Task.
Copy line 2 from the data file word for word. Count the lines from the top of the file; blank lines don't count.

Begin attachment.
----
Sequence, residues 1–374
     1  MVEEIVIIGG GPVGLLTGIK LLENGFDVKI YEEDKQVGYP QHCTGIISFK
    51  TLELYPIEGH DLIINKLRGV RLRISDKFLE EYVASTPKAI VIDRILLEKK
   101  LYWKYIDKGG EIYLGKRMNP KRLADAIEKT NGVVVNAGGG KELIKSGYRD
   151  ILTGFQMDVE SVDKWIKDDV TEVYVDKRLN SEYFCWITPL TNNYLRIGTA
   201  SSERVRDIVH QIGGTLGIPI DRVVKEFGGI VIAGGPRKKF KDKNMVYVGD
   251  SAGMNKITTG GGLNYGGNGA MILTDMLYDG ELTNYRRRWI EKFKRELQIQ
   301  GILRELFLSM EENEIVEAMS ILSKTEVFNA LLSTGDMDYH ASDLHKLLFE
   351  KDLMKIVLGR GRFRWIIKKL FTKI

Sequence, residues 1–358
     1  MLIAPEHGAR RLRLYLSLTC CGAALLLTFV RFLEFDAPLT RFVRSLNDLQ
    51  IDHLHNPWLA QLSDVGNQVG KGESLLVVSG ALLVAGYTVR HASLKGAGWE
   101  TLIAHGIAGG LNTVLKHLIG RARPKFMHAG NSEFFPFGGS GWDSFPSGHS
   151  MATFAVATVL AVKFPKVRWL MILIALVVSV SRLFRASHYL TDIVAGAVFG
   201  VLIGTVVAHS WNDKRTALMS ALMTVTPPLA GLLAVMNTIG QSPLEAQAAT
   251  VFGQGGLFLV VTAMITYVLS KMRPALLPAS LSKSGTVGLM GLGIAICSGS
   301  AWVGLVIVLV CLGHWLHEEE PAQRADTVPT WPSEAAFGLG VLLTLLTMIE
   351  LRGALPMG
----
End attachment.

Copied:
     1  MVEEIVIIGG GPVGLLTGIK LLENGFDVKI YEEDKQVGYP QHCTGIISFK